David Garrard is a middle-of-the-road starting quarterback in the NFL. That is neither praise nor harsh criticism. You could do a lot worse and you could certainly do better. But in a way -- much like it is for his head coach and the entire Jacksonville football organization -- this is a make-or-break season for the ninth-year signal-caller.
But I also contend that Garrard took too much heat for Jacksonville's struggles last season. Overall, his pass protection was horrendous. Maybe the addition of Justin Smiley will help a porous interior group of pass-blockers, and surely the offensive tackles should step their game up in this department in their second seasons in the NFL. Meanwhile, the backs and tights ends are excellent in this capacity.
More weapons are also needed for Garrard to get Jacksonville back to its winning ways. Maurice Jones-Drew is as potent as ever in all phases of his game and the Jaguars look to have found an above-average starting wideout in Mike Sims-Walker, but again, more is needed. At offensive tackle, there is youth and talent. Zach Miller is a potential seam-stretching tight end, but he came out of Nebraska-Omaha, so his learning curve as a rookie last season was quite steep. Mike Thomas and Jarett Dillard also are entering Year 2 of their development. Both young wideouts have shown glimpses of being substantial contributors, but Dillard's season was cut short with a broken leg. The same can be said for Troy Williamson in terms of pure ability, but he had to be placed on injured reserve all the way back in September with a shoulder injury. It certainly isn't a stretch to think that someone from this group could really step up his game to help Garrard out in 2010.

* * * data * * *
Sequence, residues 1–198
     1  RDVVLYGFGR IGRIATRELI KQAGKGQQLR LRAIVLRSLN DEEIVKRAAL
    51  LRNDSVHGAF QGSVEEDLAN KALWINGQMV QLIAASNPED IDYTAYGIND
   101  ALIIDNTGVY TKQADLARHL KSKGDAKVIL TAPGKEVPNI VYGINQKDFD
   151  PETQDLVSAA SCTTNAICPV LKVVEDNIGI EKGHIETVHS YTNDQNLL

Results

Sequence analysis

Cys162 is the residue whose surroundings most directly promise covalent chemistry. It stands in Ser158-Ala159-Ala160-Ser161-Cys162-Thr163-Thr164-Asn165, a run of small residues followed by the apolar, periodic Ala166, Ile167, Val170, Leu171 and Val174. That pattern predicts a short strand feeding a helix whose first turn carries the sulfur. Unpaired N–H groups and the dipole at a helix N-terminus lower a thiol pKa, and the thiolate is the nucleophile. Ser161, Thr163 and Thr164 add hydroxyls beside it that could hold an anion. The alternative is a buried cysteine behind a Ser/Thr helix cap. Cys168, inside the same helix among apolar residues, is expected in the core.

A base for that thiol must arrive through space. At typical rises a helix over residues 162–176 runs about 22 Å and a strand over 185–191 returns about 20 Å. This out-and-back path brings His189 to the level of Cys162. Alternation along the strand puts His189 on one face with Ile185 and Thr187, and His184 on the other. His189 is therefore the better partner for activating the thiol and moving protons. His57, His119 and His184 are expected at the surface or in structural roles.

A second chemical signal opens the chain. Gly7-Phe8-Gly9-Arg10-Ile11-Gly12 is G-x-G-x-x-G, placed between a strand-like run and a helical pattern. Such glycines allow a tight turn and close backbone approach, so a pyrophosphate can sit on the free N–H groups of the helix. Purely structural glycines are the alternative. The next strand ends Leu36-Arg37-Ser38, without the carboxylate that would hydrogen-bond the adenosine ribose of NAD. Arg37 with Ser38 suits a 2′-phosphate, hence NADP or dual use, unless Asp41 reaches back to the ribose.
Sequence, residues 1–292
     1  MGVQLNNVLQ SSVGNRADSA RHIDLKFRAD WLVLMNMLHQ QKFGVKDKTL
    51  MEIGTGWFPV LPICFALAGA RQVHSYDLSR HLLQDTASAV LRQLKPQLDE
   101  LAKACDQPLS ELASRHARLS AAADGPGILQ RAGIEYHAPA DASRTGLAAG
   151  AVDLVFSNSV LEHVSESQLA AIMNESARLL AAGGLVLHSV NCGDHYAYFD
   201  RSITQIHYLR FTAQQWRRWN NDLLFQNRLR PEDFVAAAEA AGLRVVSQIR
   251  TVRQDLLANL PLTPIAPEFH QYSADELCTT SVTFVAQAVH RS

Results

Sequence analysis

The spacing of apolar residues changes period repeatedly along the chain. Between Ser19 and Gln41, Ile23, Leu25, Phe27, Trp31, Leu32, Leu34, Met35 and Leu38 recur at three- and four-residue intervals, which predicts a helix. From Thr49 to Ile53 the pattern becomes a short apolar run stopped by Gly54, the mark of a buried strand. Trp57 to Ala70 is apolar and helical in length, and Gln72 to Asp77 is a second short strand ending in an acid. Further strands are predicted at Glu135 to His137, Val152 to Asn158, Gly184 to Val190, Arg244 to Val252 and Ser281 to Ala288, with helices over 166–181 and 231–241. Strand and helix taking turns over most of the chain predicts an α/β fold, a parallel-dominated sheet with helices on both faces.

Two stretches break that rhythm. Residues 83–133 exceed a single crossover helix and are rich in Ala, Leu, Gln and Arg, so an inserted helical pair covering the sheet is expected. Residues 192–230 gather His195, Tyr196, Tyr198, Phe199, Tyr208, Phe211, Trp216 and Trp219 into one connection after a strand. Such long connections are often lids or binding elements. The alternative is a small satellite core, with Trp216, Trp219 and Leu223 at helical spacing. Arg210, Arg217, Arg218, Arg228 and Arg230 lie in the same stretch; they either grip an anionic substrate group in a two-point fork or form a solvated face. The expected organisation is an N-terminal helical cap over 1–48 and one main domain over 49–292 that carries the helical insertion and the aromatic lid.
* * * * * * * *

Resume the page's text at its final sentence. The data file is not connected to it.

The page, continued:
Overall, I don't fault Jacksonville for its decision to ignore the quarterback position this offseason. Garrard is someone you can be successful with if his supporting cast is improved. But make no mistake: The pressure is on the Jaguars' quarterback in a crucial season for all involved.
Scouts Inc. watches games, breaks down film and studies football from all angles for ESPN.com.